Former Rep. Darrell Issa (R-CA) and Judicial Watch sued California Gov. Gavin Newsom on Thursday over his May 8 executive order allowing all voters in the state to vote by mail — whether they had formally requested to do so, or not.
Newsom’s order cites the threat of coronavirus: because “it is unknown to what degree COVID-19 will pose a threat to public health in November,” mail-in ballots must be sent to everyone — but in-person voting must also be provided.
Judicial Watch filed a lawsuit on behalf of Issa, who is running for Congress again in the 50th district (as opposed to his former district, the 49th, which has become more liberal). Three voters — one Democrat, one Republican and one independent — are also named plaintiffs in the suit, which was filed in federal court in Sacramento. The defendants include both Newsom and Secretary of State Alex Padilla, who is responsible for administering elections in the state.
The lawsuit lays out a simple case: the U.S. Constitution provides explicitly that the state legislatures control the manner of electing members of Congress, as well as members of the Electoral College (who elect the president).
The filing states (emphasis added):
The United States Constitution sets forth the authority to regulate federal elections. With respect to congressional elections, the Constitution provides:
The Times, Places and Manner of holding Elections for Senators and Representatives, shall be prescribed in each State by the Legislature thereof; but the Congress may at any time by Law make or alter such Regulations, except as to the Places of chusing Senators.
U.S. CONST. art. I, § 4 (“Elections Clause”).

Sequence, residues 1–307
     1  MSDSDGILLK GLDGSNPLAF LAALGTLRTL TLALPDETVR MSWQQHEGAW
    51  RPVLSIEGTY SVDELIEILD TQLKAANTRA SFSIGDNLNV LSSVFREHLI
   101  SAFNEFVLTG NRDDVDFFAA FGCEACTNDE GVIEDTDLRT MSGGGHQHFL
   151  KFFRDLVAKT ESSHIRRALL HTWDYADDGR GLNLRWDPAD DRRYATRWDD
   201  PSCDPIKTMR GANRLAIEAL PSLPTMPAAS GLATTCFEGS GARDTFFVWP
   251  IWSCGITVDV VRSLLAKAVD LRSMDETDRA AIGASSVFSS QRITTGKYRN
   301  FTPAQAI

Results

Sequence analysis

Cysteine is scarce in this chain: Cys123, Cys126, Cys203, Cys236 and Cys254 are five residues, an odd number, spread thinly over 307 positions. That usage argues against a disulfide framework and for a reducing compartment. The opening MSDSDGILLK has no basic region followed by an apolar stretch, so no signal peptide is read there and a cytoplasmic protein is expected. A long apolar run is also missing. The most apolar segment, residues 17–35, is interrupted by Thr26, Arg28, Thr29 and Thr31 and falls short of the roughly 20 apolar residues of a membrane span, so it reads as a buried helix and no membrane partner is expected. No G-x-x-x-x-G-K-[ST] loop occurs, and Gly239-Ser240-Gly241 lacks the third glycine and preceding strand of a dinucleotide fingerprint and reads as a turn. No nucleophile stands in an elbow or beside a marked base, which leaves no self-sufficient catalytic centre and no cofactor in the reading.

16. With respect to the appointment of presidential electors, the Constitution provides:
Each State shall appoint, in such Manner as the Legislature thereof may direct, a Number of Electors, equal to the whole Number of Senators and Representatives to which the State may be entitled in the Congress: but no Senator or Representative, or Person holding an Office of Trust or Profit under the United States, shall be appointed an Elector.
U.S. CONST. art. II, § 1 (“Electors Clause”).
17. Neither Defendant is a “Legislature” as required under the Elections Clause or Electors Clause.
Moreover, the lawsuit argues, California’s Voter’s Choice Act of 2016 provides that county governments control the decision about whether to participate in an all-mail system of voting. And while the governor has emergency powers to override statutes, the governor is required to end the state of emergency as soon as possible. There is a risk of legal challenges after the election, hurting voters and candidates — especially in congressional districts that include more than one county, where some votes might have been cast legally and others under the new, allegedly unlawful system.
In a statement, Judicial Watch president Tom Fitton said: “California law prohibits blindly mailing out ballots to every registered voter in the state. This scheme raises the risk of Election Day chaos as well as voter fraud.”
Judicial Watch won an important victory in 2018 when it reached a settlement with the state and with Los Angeles County to remove more than 1.5 million inactive voters from the tolls. It has also warned 11 other counties of similar problems.
Joel B. Pollak is Senior Editor-at-Large at Breitbart News and the host of Breitbart News Sunday on Sirius XM Patriot on Sunday evenings from 7 p.m. to 10 p.m. ET (4 p.m. to 7 p.m. PT). His new book, RED NOVEMBER, is available for pre-order. He is a winner of the 2018 Robert Novak Journalism Alumni Fellowship. Follow him on Twitter at @joelpollak.